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Oracle

Oracle, Cloudera Team Up On Hadoop Appliance 44

Posted by samzenpus
from the check-it-out dept.
LinuxScribe writes "Oracle has announced a new Big Data Appliance, which will feature Cloudera's Hadoop, shiny hardware, and a price tag that could be more affordable than commodity servers. But Oracle's new Cloudera partner should heed the lessons of Red Hat and what it means to partner with Oracle."
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Oracle, Cloudera Team Up On Hadoop Appliance

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  • Oracle (Score:5, Insightful)

    by masternerdguy (2468142) on Tuesday January 10, 2012 @11:10AM (#38650980)
    Once you start along the dark path, forever will it dominate your destiny.
  • ...I forecast for the magnificent Hadoop project, if and when they "partner" with Oracle. Nothing will come of it but bigger yachts for Larry E., mark my sad words.
  • by nomad63 (686331) on Tuesday January 10, 2012 @11:32AM (#38651292)
    Ellison's strategy sounds too much like, that of Redmond's finest. Problem is, Oracle is getting too big in the datacenter landscape. He has oracle, which is the de-facto database for most any organization who wants accountability and have money to spend. He has hardware (SUN) which still has the biggest footprint in data centers after X86. He has Oracle Linux which is, for all intents and purposes, Red-Hat EL. The only thing he did not have was something to handle large, unstructured data, likes of TereData and Cloudera/Hadoop is serving it on a silver platter. Who is going to stop the Oracle wave, I don't know. Oracle is becoming a monopoly, much worse than Google or Microsoft in my opinion. Where are the regulators who blocked the AT&T and T-Mobile merger (Kudos to them by the way). We need them right here, right now.
    • Could be worse, could be Apple.
      • Could be worse, could be Apple.

        I hope more than anything that Apple doesn't take over the way Microsoft did. That's probably the best reason to use Android.

    • He has oracle, which is the de-facto database for most any organization who wants accountability and have money to spend

      I don't know what universe you live in, buddy, but a few big companies running a single oracle database does NOT make it "de-facto". Of all of my professional experience, along with all of the colleagues I've had, EVERYONE steers clear of Oracle. I've seen a single Oracle database in production at Heinz/Del Monte, and there was a "shadow" database in MS SQL Server, synched daily, because
      • by Amouth (879122)

        ERP's are more and more relying on Oracle - i know SAP uses it almost exclusively.. sure they say they support others but in reality it is far harder to get it running well on anything but Oracle that it should just be considered what is supported.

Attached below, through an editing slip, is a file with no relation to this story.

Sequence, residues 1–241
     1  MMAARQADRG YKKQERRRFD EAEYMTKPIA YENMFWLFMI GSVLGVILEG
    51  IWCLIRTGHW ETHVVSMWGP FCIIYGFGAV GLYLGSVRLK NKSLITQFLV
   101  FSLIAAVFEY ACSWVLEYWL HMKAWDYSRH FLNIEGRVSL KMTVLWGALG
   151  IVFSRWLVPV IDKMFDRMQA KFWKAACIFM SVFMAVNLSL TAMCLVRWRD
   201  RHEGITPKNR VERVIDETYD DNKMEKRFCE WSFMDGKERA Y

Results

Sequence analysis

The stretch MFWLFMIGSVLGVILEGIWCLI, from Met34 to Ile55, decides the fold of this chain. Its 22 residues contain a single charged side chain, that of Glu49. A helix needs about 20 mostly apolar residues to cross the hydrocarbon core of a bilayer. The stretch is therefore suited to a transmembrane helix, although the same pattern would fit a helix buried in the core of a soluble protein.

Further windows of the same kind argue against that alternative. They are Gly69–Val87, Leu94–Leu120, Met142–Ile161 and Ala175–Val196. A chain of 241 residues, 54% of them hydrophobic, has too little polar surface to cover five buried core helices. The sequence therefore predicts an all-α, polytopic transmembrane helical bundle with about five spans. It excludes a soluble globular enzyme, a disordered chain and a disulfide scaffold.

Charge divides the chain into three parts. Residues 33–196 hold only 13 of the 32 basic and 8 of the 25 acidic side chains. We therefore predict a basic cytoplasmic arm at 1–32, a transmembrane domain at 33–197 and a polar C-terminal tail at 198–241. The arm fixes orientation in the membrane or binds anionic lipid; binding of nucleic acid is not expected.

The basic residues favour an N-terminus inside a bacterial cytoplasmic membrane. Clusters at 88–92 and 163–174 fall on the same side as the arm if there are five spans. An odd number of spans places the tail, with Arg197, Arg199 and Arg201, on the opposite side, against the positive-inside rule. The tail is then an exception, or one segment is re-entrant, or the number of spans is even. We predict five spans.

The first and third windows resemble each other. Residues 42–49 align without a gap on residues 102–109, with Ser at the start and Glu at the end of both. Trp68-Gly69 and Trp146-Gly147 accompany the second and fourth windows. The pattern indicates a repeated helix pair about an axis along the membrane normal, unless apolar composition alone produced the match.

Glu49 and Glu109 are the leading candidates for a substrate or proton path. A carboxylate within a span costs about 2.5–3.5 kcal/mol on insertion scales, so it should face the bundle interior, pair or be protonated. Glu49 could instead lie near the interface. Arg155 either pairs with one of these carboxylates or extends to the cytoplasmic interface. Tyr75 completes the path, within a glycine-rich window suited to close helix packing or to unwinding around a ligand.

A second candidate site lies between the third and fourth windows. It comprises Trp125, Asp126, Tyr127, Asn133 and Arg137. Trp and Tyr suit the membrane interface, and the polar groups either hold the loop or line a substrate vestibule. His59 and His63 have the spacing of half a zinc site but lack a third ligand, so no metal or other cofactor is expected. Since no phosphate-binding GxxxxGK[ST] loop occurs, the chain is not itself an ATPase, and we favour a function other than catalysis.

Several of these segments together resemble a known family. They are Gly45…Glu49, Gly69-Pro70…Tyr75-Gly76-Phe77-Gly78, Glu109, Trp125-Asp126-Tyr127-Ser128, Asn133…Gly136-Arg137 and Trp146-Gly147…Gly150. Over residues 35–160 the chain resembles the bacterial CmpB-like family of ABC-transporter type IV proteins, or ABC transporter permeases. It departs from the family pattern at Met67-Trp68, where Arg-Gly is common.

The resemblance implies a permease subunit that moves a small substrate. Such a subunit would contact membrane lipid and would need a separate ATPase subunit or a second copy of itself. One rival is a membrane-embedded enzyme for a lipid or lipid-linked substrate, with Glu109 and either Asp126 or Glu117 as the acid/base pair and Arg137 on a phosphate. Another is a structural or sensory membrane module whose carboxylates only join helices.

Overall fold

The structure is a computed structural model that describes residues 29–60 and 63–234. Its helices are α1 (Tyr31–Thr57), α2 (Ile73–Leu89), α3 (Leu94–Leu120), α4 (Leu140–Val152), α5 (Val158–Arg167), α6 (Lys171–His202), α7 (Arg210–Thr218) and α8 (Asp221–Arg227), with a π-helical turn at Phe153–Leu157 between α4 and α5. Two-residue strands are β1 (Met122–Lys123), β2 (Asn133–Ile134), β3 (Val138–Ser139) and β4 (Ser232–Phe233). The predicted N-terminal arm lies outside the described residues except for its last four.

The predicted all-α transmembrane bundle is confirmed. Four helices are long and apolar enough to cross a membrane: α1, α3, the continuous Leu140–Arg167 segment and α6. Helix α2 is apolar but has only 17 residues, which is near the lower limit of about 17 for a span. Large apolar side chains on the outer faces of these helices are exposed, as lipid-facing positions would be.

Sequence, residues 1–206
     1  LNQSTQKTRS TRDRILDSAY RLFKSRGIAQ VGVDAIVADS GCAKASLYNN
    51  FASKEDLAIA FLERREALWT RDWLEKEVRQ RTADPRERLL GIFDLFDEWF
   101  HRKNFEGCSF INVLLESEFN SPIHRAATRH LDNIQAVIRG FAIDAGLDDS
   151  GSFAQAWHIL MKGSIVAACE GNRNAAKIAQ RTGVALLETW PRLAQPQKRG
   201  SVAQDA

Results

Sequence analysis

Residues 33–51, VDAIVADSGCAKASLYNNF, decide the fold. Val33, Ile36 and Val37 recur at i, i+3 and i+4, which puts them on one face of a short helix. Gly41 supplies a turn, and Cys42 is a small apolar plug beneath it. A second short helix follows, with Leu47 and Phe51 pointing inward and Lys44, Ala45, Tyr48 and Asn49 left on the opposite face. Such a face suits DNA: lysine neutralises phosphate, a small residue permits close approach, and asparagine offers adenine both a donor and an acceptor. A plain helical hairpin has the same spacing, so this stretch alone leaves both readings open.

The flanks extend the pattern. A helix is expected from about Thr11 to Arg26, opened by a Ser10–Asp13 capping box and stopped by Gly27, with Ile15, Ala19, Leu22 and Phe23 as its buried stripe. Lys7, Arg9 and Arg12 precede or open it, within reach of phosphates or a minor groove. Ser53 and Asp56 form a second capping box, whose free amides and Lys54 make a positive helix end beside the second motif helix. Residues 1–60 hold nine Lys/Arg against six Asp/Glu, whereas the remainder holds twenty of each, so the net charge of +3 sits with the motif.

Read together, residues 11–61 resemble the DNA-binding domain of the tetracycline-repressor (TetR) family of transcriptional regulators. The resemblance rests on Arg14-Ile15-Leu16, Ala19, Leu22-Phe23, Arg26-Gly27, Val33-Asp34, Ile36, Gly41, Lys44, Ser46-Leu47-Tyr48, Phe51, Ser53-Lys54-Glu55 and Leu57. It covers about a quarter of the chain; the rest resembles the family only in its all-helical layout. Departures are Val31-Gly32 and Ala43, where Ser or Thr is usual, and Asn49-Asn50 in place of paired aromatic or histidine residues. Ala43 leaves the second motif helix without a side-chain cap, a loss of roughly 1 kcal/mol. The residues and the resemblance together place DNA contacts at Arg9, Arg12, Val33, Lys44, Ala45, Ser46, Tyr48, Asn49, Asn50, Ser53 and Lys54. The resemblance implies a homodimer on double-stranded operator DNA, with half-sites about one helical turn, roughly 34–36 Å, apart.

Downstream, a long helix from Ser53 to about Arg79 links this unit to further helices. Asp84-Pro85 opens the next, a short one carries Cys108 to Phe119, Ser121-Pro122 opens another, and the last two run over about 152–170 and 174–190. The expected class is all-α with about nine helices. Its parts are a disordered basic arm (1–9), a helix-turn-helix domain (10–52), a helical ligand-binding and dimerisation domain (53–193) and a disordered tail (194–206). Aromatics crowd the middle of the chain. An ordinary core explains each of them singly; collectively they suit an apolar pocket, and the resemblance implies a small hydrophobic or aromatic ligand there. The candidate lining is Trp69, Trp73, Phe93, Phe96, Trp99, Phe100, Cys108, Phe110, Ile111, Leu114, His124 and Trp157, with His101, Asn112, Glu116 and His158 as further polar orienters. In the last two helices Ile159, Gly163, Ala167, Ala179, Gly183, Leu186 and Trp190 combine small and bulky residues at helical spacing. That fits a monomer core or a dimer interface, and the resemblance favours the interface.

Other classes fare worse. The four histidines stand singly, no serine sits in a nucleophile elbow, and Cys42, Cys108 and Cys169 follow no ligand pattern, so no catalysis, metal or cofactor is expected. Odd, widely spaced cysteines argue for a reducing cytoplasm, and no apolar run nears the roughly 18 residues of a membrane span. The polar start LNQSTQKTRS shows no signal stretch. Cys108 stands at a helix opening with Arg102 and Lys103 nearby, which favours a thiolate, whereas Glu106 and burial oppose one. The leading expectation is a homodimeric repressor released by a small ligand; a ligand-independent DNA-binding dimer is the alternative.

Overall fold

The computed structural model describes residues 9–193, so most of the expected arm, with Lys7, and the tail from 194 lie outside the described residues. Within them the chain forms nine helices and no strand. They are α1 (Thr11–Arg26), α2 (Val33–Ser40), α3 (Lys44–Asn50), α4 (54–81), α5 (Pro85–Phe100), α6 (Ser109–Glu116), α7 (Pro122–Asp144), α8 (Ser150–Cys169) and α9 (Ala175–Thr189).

As markets grow and products get refined - the company that is most efficient survives (ignore government driven ones on that). And ERP's are what will allow them do to it. as more ERP's move to Oracle - more companies will be moved into Oracle..

        While you may s

      • by gl4ss (559668)

        he lives in this universe. but he should have noted "who wants accountability but doesn't actually GET any accountability". choosing oracle is supposed to be a safe bet, like "nobody ever got fired for choosing ibm". of course it's pretty much bullshit, just going with oracle doesn't guarantee anything about how the applications are going to hammer it nor if it's going to be configured right.

        governmental budgets are quite often spent on oracles, instead of hiring a guy to configure whatever other db to actu

    • by jbolden (176878)

      How is this is a monopoly? I think you mean conglomerate.

      • by nomad63 (686331)
        to-may-toh , to-mah-to....
        need I say more ??
        • by jbolden (176878)

          No you don't. If you don't think the distinctions between types of businesses are important, and still want to comment on business...

  • When I first read that I thought it said Caldera. I was thinking, Zombie SCO has risen and joined forces with Oracle? What's next? Voting republican?

    Tim Horton's, you have failed me!
  • by iggymanz (596061) on Tuesday January 10, 2012 @11:49AM (#38651540)

    Oracle's Linux is Red Hat Linux, they add some GPL licensed improvements. Anyone is free to use those, that includes Red Hat. I work as migrator/integrator/architect for a VAR with clients some of whom have IT budgets over $1 billion, I've not yet seen anyone use Oracle's Linux to run Oracle's wares (or anything else, for that matter), all choose Red Hat (some Centos too)

    • Re: (Score:1, Informative)

      by Anonymous Coward

      (caveat - I work for Oracle)

      The reason to use Oracle EL instead of RH is that RH refuses to put a number of bug fixes into place for Oracle products. Oracle submitted thousands (yes, thousands) of bug fixes and were ignored by RH. If you want to run Oracle on RH, run OEL. I've seen many customers who get really mad at Oracle because something doesn't work correctly on RH. There is nothing Oracle can do except recommend a different OS vendor

    • by jdbuz (962721)
      (Caveat - I work for Oracle too) Anytime you hear that someone is using one of these big Exadata machines, they are using Oracle Linux. See: http://www.oracle.com/us/corporate/features/exadata-196883.html [oracle.com]
  • Too bad Google licensed [theregister.co.uk] their MapReduce patent to Apache Hadoop. It would have been a nice stick to beat up Oracle with.

"Any excuse will serve a tyrant." -- Aesop

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